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Mind of Jacka: Content Dictates Form

Blogs Mike Jacka, CIA, CPA, CPCU, CLU Jan 18, 2023

In my last two posts, I discussed a couple of facets of report writing. In the first , I used the new chatbot, ChatGPT, to show that artificial intelligence is coming pretty darn close to issuing banal reports that look as banal as the banal reports we often banally produce in a…well…banal manner. In the second, I talked about how easily we fall into the trap of using technology to get work done without thinking about how we can actually do better work with that newfound time.

But there is still more we might glean from watching an AI potentially do the work we are currently doing. In fact, there is probably a lot we might learn, but let’s stick with one idea for now.

This last couple of weeks I’ve been reading a book by Broadway legend Stephen Sondheim, Finishing the Hat. (I hope I didn’t strip your gears with that transition. I warned you to get the warrantee, as well as the undercoating.) The book is a collection of lyrics from the first half of his career, and in it, he discusses his lyrics, as well as the lyrics of other Broadway lyricists, and how those various lyrics work or do not work. On page xv (prominently displayed on the first page and paragraph of the Preface, right after a “Note to the Reader” and a “Cast of Characters”), he provides what he believes to be the only three principles necessary for a lyric writer. The first:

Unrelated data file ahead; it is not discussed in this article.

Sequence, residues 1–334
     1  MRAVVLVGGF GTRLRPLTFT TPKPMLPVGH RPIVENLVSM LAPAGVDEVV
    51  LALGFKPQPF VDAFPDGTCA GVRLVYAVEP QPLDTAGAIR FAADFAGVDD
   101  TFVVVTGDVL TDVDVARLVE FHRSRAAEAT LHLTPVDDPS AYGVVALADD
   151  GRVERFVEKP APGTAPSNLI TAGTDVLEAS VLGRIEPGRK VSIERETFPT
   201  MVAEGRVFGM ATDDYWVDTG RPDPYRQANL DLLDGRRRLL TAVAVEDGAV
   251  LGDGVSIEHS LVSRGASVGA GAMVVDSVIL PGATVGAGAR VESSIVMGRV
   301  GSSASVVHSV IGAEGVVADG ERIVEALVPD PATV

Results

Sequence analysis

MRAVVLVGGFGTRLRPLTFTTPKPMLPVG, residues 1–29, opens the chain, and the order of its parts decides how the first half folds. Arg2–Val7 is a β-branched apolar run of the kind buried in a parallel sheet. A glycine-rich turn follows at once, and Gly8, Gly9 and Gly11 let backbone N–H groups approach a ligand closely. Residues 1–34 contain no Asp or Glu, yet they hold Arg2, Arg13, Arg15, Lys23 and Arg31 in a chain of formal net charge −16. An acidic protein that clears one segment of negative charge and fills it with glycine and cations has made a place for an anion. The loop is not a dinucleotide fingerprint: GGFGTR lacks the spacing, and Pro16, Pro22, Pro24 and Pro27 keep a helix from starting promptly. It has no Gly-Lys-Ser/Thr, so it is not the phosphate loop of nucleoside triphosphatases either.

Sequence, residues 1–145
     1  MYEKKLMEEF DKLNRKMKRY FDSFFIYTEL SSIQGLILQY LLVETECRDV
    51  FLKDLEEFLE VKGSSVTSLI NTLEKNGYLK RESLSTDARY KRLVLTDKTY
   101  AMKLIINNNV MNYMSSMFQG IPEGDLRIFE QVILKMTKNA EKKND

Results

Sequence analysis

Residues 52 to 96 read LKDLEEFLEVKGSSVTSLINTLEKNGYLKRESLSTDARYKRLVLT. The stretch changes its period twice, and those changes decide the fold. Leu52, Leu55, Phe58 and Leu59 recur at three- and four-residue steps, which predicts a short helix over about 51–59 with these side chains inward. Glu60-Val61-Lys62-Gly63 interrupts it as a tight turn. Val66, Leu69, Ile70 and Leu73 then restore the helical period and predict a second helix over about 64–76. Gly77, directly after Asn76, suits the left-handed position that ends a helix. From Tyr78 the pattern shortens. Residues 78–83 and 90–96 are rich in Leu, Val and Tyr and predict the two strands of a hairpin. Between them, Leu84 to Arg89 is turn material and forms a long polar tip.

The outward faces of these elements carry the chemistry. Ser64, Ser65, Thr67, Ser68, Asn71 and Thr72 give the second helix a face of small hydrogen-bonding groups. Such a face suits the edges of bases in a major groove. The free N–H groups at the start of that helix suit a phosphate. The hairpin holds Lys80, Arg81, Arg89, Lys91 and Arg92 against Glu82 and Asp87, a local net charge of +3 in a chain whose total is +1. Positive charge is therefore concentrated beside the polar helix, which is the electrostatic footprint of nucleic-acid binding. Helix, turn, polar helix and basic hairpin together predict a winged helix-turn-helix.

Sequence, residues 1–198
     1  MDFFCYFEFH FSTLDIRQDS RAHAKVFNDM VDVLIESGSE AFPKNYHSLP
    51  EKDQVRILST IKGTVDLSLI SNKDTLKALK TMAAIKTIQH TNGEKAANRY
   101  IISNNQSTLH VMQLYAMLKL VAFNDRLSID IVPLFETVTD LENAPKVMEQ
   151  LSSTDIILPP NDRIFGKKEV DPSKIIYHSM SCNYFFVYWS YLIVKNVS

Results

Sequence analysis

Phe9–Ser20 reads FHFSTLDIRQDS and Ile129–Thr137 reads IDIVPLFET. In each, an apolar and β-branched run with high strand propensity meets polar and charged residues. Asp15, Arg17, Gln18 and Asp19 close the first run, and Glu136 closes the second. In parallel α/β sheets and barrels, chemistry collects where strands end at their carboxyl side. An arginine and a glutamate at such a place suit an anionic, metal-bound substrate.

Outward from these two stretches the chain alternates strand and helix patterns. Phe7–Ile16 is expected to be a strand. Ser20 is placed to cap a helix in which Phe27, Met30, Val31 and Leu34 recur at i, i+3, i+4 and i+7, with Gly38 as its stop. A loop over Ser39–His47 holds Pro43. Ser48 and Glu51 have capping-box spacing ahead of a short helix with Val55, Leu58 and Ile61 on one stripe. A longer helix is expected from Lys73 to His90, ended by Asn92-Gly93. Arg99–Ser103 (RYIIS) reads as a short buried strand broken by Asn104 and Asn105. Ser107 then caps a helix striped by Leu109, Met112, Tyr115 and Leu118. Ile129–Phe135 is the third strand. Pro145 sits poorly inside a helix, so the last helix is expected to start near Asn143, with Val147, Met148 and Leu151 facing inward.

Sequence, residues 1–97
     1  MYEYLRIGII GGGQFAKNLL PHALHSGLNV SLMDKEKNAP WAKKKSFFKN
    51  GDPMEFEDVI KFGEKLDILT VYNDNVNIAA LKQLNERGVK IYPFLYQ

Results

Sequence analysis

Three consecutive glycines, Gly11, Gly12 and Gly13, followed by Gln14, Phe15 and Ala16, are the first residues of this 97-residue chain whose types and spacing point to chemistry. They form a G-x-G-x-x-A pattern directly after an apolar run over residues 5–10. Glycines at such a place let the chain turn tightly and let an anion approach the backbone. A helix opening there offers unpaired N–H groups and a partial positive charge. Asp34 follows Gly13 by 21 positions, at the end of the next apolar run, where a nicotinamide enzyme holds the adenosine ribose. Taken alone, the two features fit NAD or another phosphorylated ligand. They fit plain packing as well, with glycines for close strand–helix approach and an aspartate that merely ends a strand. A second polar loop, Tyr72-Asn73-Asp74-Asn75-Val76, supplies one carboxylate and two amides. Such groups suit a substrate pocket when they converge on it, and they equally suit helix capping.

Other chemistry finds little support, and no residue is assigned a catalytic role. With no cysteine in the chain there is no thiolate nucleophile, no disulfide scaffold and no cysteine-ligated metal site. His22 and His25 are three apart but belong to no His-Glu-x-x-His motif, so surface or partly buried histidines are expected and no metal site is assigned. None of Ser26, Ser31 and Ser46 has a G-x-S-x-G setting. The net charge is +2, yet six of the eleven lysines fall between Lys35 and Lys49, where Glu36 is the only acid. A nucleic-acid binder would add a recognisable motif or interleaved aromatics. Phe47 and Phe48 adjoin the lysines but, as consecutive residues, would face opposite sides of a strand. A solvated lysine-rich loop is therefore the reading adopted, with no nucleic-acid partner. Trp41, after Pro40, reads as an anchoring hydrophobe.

“Content Dictates Form”

And I’ll stop there because that is all we need to worry about right now.

We internal auditors love form; we love structure; we love templates; we love to have everything lined up just so. One reason we find ourselves caught up in this fatal attraction is that a basic concept of our profession is the use of systematic approaches. Important, no doubt. Yet it is those systematic approaches that have caused many of us to rely on those systems at the expense of the quality of our work and the achievement of the work’s objectives.

And, with that, let us return to the world of report writing. This obsession with structure is why so many of our reports fail. (And why an AI can write something that looks exactly like what we write.) We are sacrificing content to fit form.

Here’s an exercise for any report you want to write. First, what is the one thing you want to say? Can you articulate what you want to express in one sentence — one not-too-rambling, I-don’t-have-to-fit-everything-in-it sentence? Once you have that one thing, then you know what the report is about.